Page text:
Karen Patterson: I was trying for a baby when I found out I had ovarian cancer
As Ovarian Cancer Awareness Month begins, Lisburn woman Karen Patterson tells how early detection helped her |survive the disease and go on to adopt two little boys.
Karen Patterson, a civil servant, was naturally shattered when she discovered she had ovarian cancer. Not only did she have a serious illness, but sadly it led to a hysterectomy just as she’d been hoping to start a family. With help from Ulster Cancer Foundation (UCF) counsellors, Karen bravely battled her cancer and today — 14 years later — is counting her many blessings.
Karen discovered she had tumours while she and her husband were undergoing IVF treatment. “While that was going on I didn’t have any obvious symptoms of ovarian cancer, which can be difficult to diagnose anyway,” Karen reveals. “We’d had various checks and scans and while we had ‘unexplained infertility’, there were indications that something was wrong, but the whole focus for us at the time was the IVF,” she says.
“I was very fortunate that my consultant had taken some fluid samples when my eggs were extracted. He was curious about why I wasn’t conceiving and decided to run some tests. That saved my life.
“When the results came back they showed there were malignant cells. I was admitted to the Royal Victoria Hospital for an operation which uncovered a tumour on an ovary and in the womb. I was in my 30s at the time. In the month when we were expecting to be pregnant I was in hospital having a hysterectomy, followed by six sessions of chemotherapy, one every three weeks.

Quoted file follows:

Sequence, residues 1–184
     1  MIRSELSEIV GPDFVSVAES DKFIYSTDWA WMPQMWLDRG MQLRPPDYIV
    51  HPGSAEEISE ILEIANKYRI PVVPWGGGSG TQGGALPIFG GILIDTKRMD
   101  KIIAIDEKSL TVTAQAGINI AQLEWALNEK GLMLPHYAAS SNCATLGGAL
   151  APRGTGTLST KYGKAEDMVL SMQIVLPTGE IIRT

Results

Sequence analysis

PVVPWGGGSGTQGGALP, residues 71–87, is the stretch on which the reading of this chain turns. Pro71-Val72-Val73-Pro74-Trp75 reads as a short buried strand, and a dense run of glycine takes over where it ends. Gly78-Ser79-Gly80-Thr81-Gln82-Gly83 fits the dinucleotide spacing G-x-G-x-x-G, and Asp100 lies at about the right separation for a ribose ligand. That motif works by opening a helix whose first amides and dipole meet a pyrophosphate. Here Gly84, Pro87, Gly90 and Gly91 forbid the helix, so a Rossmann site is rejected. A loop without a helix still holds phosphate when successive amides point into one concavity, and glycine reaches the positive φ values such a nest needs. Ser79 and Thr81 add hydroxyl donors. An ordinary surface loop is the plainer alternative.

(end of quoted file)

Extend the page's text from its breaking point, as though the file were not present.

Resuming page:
“I was extremely lucky that the tumours were detected but I can’t express what a huge disappointment it was to know we wouldn’t be able to have a baby. We went through every emotion imaginable — you try to be brave but deep down it was a very frightening and devastating time, not just for me, but for all my family and close friends” she admits.
“This had come completely out of the blue. I felt I needed someone professional to talk to. I phoned the Ulster Cancer Foundation helpline and spoke to a counsellor who invited me to UCF and spent an hour and a half with me.
“The UCF counselling service is brilliant. I knew absolutely nothing about ovarian cancer and the counsellor was able to reassure me. I had been completely in the dark but she gave me information and had the time to answer some important questions for me.
“I also spoke to two other UCF counsellors at the Cancer Centre at Belfast City Hospital — it was such a relief to be able to speak openly — with family and friends you are always afraid you’re going to upset them. They helped calm, reassure and console me and were real pillars of strength. It also meant that there was a continuity of care each time I returned to the hospital for
treatment. While in hospital for chemotherapy, I joined a support group for cancer patients, organised by UCF. Initially, I joined to gain access to information about my type of cancer and to meet other patients who were undergoing chemotherapy. I discovered that talking to other patients provided me with a great deal of strength and helped me in many simple ways, by sharing our experiences.